THOUGH the total number of EU migrants in Yorkshire’s largest cities and towns is a relatively small percentage of the overall workforce, their contribution is still a significant one as Brexit talks intensify.
Without them, Yorkshire would be poorer economically, socially and culturally. And, given this region’s well-documented skills shortages, the overhaul of Britian’s immigration policies is far more complex, and nuanced, than headline-grabbing politicians are prepared to pronounce.
For, while Ministers do seem to be showing a greater sense of urgency and purpose following the most Cabinet reshuffle, time is still not on their side – they have a matter of weeks to reach an accommodation with the EU while the current Parliamentary arithmetic does little to favour Theresa May’s government.
Yet, with a no deal Brexit looking an increasing likelihood, Ministers need to focus on the consequences of this and take heed of today’s report from the centre for Cities think-tank which warns of labour shortages – Britain is currently enjoying a period of record employment – unless EU migrants can continue to come here during a transition period.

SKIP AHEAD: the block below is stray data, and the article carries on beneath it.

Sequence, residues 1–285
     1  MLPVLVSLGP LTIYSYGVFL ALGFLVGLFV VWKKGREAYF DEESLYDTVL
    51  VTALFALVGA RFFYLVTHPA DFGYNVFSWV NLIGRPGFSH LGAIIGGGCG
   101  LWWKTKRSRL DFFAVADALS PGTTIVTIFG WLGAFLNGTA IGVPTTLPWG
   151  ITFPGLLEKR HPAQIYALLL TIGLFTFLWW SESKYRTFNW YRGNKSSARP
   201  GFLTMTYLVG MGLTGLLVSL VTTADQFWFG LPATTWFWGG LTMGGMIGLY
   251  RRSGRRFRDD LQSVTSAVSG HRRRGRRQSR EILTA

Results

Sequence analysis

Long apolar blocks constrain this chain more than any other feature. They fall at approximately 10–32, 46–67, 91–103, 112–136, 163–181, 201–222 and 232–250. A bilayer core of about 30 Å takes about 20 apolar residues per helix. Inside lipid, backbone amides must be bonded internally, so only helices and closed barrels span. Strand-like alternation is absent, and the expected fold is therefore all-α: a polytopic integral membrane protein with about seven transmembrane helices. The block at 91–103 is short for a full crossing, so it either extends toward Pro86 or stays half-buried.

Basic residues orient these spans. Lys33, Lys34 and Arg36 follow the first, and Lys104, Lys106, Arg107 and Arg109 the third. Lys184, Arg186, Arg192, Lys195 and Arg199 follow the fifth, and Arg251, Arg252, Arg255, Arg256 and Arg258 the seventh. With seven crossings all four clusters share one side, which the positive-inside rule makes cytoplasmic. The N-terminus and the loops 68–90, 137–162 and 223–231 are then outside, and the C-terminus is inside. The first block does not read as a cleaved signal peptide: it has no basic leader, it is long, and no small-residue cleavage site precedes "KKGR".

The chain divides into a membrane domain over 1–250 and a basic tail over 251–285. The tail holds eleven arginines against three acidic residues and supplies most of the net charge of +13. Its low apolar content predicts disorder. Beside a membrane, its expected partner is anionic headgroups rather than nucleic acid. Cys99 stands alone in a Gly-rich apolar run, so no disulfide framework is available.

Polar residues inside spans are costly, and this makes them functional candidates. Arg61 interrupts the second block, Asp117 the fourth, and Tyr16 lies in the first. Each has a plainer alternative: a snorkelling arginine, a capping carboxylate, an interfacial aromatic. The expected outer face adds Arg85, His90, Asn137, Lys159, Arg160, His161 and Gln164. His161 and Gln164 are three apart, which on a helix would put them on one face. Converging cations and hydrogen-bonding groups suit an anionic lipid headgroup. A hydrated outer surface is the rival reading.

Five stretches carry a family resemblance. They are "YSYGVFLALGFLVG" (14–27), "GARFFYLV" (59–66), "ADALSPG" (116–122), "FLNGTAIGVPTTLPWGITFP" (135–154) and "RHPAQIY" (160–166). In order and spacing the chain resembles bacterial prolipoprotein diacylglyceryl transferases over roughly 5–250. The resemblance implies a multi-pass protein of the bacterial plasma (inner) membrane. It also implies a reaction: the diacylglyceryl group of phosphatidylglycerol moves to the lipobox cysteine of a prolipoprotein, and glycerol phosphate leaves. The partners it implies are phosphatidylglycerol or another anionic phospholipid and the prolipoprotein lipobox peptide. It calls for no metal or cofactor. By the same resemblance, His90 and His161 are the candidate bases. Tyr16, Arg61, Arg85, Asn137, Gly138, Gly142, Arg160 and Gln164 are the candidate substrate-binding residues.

Though the more ardent Eurosceptics will struggle to stomach this, Centre for Cities chief executive Andrew Carter says it will help employers while the Government develops “an immigration system which is more flexible than current rules on migration from outside the European Economic Area” and which scraps the cap on the recruitment of high-skilled workers.
The regret is that this important debate – and its practical implications – should have taken place at the time of the EU referendum and not on the eve of Britian’s departure from the European Union at a time when political pragmatisim and co-operation is in short supply.